The Australian dollar recovered from a six-week low after the central bank suggested interest rates could remain unchanged for the remainder of the year.
In late local trade, the dollar was buying $US1.0278 US cents, up from a six-week low of $US1.0223 plumbed in early trade.
OZForex senior foreign exchange manager Jim Vrondas said the Aussie dollar remained subdued for much of the day, before rising following the Reserve Bank of Australia’s decision to keep its cash rate on hold at 3.5 per cent.
‘‘The market appears to have taken its lead from the accompanying statement, which inferred that rates will remain as they are for the foreseeable future.’’
Mr Vrondas said that despite a spate of weaker data suggesting another rate cut from the RBA in 2012 was possible, the central bank’s accompanying statement on Tuesday gave no suggestion any further rate cut - causing a relief rally on the Australian dollar.
Concerns about the cancelling or mothballing of some of Australia's biggest mining projects have been taking their toll on the Australian dollar, with the currency hitting a six-week low today against the greenback.
The dollar's earlier falls came as the trade-weighted index fell to 76.6 overnight, the lowest since June 29. The index is a measurement of the dollar's value when compared to a basket of currencies of Australia's most important trading partners.
“There are a number of factors but I think the most potent is this quite intense focus in the financial press on mining projects being cancelled or delayed,” Robert Rennie, Westpac chief currency strategist, said.
“Then [European Central Bank president] Mario Draghi turned around overnight, in what was supposed to be a closed meeting, to say that the ECB could buy one-year, two-year, or even three-year bonds, and that there's very little monetary financing effect at all in what they're doing.”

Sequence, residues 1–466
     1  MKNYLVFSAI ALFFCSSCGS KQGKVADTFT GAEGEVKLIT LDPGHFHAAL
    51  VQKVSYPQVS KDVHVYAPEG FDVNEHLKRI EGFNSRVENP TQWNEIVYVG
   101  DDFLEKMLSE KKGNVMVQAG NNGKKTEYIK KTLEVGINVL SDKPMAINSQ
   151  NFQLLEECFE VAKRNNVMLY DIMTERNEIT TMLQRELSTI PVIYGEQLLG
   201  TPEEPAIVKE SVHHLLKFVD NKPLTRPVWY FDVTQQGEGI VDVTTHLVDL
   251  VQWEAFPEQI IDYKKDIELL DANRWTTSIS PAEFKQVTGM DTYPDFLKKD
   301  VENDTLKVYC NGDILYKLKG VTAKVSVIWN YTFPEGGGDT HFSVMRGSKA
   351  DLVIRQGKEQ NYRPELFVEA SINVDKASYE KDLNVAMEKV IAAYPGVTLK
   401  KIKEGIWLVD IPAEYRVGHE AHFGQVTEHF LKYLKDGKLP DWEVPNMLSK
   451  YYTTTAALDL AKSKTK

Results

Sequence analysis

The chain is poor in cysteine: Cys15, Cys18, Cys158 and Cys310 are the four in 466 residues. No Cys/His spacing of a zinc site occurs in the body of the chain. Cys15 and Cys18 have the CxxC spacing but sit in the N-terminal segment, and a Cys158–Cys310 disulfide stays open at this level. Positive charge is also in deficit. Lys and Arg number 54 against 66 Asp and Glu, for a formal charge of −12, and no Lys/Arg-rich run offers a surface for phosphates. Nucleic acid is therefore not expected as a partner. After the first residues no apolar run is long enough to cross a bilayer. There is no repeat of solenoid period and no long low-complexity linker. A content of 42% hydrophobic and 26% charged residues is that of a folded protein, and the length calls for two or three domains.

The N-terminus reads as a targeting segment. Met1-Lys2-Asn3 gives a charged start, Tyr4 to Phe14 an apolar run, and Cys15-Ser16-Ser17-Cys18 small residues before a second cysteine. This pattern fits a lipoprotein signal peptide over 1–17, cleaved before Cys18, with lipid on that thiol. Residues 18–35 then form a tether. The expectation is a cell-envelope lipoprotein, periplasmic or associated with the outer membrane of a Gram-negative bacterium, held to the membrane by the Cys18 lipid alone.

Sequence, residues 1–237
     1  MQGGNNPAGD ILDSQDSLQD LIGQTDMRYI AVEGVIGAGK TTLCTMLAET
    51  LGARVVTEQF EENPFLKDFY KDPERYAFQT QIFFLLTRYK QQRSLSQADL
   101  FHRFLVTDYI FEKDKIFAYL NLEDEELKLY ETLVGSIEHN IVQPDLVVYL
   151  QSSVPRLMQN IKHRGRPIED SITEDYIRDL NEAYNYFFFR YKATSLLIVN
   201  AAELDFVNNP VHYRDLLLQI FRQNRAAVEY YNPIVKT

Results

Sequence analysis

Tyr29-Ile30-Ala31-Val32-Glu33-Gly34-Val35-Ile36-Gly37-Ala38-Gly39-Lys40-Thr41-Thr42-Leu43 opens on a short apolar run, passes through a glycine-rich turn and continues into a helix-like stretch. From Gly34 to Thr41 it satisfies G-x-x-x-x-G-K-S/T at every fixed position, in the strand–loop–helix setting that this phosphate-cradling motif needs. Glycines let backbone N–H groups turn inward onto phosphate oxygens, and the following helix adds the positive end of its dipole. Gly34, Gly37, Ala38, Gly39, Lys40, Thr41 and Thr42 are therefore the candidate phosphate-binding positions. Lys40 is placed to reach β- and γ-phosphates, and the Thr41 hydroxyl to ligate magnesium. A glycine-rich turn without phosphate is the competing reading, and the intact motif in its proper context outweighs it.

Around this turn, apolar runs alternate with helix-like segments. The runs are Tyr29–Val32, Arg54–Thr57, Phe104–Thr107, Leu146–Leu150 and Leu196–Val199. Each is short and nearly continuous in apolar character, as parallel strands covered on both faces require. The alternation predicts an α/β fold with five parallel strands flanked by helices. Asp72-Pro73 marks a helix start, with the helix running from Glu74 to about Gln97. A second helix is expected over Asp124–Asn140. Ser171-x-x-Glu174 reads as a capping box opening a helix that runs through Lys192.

Mr Draghi's comments were a sign that there are positive developments afoot in Europe, which weakens the case of those who believe the Australian dollar has become a haven, Mr Rennie said.
“What's the Australian dollar becoming a safe haven from? If it's Europe, then why do you need a safe haven if Europe is about to address its issues?”
Commonwealth Bank foreign exchange economist Peter Dragicevich said the focus on falls in commodity prices and global concerns about the Asian growth story, particularly China, were having an effect.
“You're also getting a lot of headlines about Australia's capital expenditure story, and concerns about that. So I think the market sentiment is just a little bit negative,” Mr Dragicevich said.
“[But] we don't think the fall in the dollar is overly bearish. Our forecasts have been for the Aussie to be at $US1.03 by the end of September for a number of months, so we did expect it to come under some pressure.”
Mr Draghi told the Economic and Monetary Affairs Committee of the European Parliament overnight that the ECB would not be breaking European Union law if it bought bonds from member states.
His comments come just days before the ECB meets on Thursday.
“There is a lot of expectation in the market ahead of the ECB meeting,” Mr Dragicevich said. “[Markets are hoping] the ECB will provide a lot of detail about what they plan to do, and how they plan to buy those bonds."
It comes as the Moody's rating agency moved the EU's triple-A credit onto a negative outlook overnight.